Google starts rolling out gender specific translation to reduce bias
San Francisco: In a bid to reduce gender biases in its translation service, Google has started rolling out a feature that provides feminine and masculine translations for some gender-neutral words on the Google Translate website.
The feature is currently available only for a few languages, although Google plans to bring it to more languages soon.
So one can now translate single words from English to languages like French, Italian, Portuguese, or Spanish. As of now, translations for short phrases and sentences that mention a person in a gender-neutral way is available for the English and Turkish language pair.
"In the future, we plan to extend gender-specific translations to more languages, launch on other Translate surfaces like our iOS and Android apps, and address gender bias in features like query auto-complete," James Kuczmarski, Product Manager, Google Translate, said in a blog post on Thursday.
Google Translate learns from hundreds of millions of already-translated examples from the web.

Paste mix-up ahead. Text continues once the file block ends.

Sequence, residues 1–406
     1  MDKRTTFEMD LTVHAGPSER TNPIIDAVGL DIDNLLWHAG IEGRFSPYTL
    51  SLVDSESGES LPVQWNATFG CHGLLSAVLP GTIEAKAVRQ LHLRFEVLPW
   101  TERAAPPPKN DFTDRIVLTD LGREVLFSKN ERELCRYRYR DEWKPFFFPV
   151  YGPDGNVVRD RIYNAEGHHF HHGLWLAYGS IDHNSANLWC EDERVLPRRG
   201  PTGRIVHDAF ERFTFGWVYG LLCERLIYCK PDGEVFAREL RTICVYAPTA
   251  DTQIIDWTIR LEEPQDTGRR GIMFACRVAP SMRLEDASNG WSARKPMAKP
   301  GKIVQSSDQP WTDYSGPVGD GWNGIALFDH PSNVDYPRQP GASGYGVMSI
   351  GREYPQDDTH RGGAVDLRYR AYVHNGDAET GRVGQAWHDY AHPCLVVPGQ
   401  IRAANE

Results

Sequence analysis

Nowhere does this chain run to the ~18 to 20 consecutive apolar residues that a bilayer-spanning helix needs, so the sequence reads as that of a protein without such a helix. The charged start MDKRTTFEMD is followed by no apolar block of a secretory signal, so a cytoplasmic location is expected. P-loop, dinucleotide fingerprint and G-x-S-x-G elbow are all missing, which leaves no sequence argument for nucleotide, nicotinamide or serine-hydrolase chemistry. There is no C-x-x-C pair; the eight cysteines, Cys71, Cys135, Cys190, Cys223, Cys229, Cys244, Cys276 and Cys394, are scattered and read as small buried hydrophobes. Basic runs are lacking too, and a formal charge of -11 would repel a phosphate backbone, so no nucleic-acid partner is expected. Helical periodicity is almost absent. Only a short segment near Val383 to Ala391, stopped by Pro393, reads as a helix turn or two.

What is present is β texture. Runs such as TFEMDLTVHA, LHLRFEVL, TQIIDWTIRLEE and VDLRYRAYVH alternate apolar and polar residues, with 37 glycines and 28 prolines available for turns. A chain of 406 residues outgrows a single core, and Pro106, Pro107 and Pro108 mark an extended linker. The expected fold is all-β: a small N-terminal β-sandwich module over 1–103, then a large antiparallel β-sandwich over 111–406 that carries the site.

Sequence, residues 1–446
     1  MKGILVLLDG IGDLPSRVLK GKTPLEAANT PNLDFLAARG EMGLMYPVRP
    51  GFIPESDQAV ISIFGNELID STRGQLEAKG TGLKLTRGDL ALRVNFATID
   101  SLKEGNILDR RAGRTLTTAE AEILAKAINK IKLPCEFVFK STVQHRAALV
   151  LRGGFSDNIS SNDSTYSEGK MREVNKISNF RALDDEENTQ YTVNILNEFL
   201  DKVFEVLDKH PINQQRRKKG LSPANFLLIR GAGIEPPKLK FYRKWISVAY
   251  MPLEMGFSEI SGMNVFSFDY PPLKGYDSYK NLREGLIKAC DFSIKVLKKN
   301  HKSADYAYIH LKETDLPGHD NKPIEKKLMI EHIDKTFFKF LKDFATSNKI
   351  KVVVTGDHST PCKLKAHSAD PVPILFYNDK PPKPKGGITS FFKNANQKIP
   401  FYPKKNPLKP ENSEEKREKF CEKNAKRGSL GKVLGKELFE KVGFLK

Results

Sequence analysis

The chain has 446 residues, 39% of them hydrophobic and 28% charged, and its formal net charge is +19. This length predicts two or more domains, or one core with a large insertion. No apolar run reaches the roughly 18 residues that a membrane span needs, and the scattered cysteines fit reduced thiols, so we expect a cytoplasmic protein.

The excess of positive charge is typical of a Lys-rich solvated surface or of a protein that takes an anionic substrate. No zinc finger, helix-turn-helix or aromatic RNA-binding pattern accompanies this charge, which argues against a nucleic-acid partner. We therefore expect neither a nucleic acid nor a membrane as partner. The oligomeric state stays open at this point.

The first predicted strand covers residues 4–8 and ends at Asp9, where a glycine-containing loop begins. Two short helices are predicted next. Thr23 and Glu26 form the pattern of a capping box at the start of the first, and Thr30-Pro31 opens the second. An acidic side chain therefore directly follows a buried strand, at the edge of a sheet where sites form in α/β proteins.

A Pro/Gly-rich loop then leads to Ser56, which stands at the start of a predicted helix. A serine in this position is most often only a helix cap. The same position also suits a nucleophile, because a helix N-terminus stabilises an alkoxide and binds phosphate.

Historically, it has provided only one translation for a query, even if the translation could have either a feminine or masculine form.
So when the model produced one translation, it inadvertently replicated gender biases that already existed.
For example, it would skew masculine for words like "strong" or "doctor," and feminine for other words, like "nurse" or "beautiful."
"Now you'll get both a feminine and masculine translation for a single word - like 'surgeon' when translating from English into French, Italian, Portuguese or Spanish," Kuczmarski said.
"You'll also get both translations when translating phrases and sentences from Turkish to English. For example, if you type 'o bir doktor' in Turkish, you'll now get 'she is a doctor' and 'he is a doctor' as the gender-specific translations," Kuczmarski said.
The new feature is part of Google's efforts to promote fairness and reduce bias in Machine Learning.
Google said it is also thinking about how to address non-binary gender in translations, though it is not part of this initial launch.